The result of this process was the development of a cartoon book entitled “A Journey to Learn about Pain”. The story revolves around three main characters. The main character, Fred is an eight-year-old boy who suffers from headache and abdominal pain. Clara is Fred’s best friend and she is worried about his pain. Clara invited Fred to visit Professor Dexter, a very smart scientist who can explain a lot of things. Clara and Fred go to Professor Dexter lab in order to find information about pain and how to deal with it. During the story Professor Dexter uses his supercomputer to explain pain concepts and behavioral strategies to deal with pain. The book is freely available on our website and can be downloaded in different formats or also read online in flipbook.

We recognize that the development of the book does not guarantee clinical efficacy. Therefore, it is important to evaluate this intervention as a support to clinicians in future studies. We also believe that this book could be relevant if it is presented outside clinical settings such as added into the school curriculum.

About Felipe Reis

Prof. Felipe Reis is is a Physiotherapy professor at the Instituto Federal do Rio de Janeiro (IFRJ). He works in the Advanced Neuroimaging Laboratory at Universidade Federal do Rio de Janeiro (UFRJ) developing research about Neuroscience of Emotion, Cognition, Behavior and Pain. In the last years, he is working as a researcher collaborator at McGill University. He is also the coordinator of the Pesquisa em Dor website. Recently, he was elected as the new chair of the Pain, Mind and Movement Special Interested Group of IASP.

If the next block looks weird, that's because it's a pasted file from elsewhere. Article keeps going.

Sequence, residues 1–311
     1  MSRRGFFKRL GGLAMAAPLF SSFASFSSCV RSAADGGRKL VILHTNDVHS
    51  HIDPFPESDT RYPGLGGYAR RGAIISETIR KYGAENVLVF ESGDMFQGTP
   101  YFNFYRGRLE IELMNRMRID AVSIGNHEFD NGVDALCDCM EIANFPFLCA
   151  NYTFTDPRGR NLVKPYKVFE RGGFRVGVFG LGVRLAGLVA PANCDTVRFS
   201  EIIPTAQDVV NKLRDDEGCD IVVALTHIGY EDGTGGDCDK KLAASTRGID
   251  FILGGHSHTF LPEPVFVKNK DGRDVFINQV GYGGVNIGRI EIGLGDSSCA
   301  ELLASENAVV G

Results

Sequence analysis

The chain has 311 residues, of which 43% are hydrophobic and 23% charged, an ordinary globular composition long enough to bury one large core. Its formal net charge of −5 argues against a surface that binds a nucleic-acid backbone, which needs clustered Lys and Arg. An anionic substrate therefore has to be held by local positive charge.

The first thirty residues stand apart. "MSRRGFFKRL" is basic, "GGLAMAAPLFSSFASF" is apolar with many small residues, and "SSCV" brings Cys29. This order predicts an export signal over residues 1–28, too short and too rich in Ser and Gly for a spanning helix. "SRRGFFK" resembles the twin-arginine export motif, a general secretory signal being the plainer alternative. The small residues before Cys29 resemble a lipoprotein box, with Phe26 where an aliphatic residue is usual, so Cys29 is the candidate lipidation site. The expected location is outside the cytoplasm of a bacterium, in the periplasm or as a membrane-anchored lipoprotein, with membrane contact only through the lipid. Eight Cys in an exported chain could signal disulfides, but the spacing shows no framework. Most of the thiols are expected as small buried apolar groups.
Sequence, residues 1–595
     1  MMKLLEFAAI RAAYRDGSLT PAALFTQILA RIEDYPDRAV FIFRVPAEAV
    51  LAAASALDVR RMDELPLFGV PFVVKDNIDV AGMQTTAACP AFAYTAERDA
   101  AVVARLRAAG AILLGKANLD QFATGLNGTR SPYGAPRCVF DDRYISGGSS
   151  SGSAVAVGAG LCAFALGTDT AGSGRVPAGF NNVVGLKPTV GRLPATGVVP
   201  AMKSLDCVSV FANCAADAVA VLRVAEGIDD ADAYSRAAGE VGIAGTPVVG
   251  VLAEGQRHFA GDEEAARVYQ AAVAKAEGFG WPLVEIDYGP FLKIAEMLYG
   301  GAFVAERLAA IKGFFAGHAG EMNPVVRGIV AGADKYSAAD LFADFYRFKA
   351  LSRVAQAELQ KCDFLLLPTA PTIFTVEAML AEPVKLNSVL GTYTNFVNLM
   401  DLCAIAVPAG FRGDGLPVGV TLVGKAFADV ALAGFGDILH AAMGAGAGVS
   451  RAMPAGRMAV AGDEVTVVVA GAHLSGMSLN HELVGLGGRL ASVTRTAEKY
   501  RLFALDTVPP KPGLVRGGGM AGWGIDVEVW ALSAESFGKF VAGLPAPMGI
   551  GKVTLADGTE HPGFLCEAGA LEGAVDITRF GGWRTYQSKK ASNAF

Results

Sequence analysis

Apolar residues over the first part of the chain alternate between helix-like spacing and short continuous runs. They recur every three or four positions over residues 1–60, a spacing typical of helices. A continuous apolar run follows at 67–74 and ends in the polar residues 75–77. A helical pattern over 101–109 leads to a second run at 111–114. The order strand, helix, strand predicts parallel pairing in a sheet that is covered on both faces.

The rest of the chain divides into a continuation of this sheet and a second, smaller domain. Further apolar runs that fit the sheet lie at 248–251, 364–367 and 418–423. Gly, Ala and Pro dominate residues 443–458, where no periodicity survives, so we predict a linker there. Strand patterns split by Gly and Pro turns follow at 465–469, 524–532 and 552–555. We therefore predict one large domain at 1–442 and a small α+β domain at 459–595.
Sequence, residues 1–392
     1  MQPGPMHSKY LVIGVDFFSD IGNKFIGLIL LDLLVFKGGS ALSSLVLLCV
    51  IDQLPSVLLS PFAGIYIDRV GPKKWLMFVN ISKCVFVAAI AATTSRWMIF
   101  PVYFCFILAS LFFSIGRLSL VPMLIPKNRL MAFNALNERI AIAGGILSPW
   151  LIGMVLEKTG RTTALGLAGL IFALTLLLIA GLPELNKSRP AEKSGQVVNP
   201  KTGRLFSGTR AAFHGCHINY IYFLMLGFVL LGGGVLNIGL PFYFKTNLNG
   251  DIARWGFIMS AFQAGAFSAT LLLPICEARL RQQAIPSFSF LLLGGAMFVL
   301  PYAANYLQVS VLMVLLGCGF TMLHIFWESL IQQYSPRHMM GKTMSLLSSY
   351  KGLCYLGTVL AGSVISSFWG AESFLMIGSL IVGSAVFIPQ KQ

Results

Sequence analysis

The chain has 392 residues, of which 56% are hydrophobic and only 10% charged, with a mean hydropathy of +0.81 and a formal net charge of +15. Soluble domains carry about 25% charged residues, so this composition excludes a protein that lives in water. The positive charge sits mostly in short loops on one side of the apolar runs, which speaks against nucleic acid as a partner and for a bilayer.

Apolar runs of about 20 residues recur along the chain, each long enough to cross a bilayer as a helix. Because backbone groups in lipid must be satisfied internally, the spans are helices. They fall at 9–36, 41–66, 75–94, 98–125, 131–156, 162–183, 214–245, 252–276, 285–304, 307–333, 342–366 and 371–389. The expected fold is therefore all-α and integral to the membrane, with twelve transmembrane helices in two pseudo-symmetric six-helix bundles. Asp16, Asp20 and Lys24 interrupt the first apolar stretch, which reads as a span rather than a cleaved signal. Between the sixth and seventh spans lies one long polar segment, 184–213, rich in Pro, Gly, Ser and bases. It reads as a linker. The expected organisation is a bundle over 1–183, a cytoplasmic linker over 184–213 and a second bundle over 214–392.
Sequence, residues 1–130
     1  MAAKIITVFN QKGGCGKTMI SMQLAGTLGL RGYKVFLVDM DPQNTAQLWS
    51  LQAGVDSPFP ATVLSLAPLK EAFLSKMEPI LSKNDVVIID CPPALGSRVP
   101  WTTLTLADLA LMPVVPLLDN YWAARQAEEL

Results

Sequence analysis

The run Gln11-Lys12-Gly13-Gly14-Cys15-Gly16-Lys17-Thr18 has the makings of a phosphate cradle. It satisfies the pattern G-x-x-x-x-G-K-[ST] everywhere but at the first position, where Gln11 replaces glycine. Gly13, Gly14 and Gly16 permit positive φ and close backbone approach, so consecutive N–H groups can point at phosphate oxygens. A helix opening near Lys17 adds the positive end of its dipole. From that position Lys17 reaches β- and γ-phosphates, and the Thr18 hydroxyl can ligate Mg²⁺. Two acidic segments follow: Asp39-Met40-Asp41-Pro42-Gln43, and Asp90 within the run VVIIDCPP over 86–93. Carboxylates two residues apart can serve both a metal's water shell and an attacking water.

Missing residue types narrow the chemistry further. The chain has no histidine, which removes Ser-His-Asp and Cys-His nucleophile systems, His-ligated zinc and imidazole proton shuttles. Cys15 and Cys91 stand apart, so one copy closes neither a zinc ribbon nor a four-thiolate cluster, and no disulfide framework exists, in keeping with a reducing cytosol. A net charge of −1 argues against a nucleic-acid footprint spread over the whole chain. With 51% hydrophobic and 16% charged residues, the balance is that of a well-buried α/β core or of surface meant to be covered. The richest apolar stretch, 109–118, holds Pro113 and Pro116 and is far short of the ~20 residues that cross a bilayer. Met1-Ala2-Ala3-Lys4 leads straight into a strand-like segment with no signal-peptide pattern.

[1] Stanford EA, Chambers CT, Biesanz JC, Chen E. The frequency, trajectories and predictors of adolescent recurrent pain: A population-based approach. Pain. 2008;138(1):11–21.

[2] King S, Chambers CT, Huguet A, MacNevin RC, McGrath PJ, Parker L, et al. The epidemiology of chronic pain in children and adolescents revisited: a systematic review. Pain. 2011;152(12):2729–38.

[3] Liossi C, Howard RF. Pediatric chronic pain: biopsychosocial assessment and formulation. Pediatrics. 2016;138(5):e20160331.

[4] Walker LS, Garber J, Greene JW. Psychosocial correlates of recurrent childhood pain: a comparison of pediatric patients with recurrent abdominal pain, organic illness, and psychiatric disorders. J Abnorm Psychol. 1993;102(2):248.

[5] Moseley GL, Butler DS. Fifteen Years of Explaining Pain: The Past, Present, and Future. J PAIN. 2015;16(9):807–13.

[6] Louw A, Zimney K, Puentedura EJ, Diener I. The efficacy of pain neuroscience education on musculoskeletal pain: A systematic review of the literature. Physiother Theory Pract. 2016;32(5):332–55.

[7] Eccleston C, Palermo TM, Williams A, Lewandowski A, Morley S. Psychological therapies for the management of chronic and recurrent pain in children and adolescents. Cochrane Database Syst Rev. 2009;2(2):CD003968.

[8] Robins H, Perron V, Heathcote LC, Simons LE. Pain Neuroscience Education: State of the Art and Application in Pediatrics. Children. 2016;3(4):43.

[9] Louw A, Diener I, Butler DS, Puentedura EJ. The Effect of Neuroscience Education on Pain, Disability, Anxiety, and Stress in Chronic Musculoskeletal Pain. Arch Phys Med Rehabil. 2011;92(12):2041–56.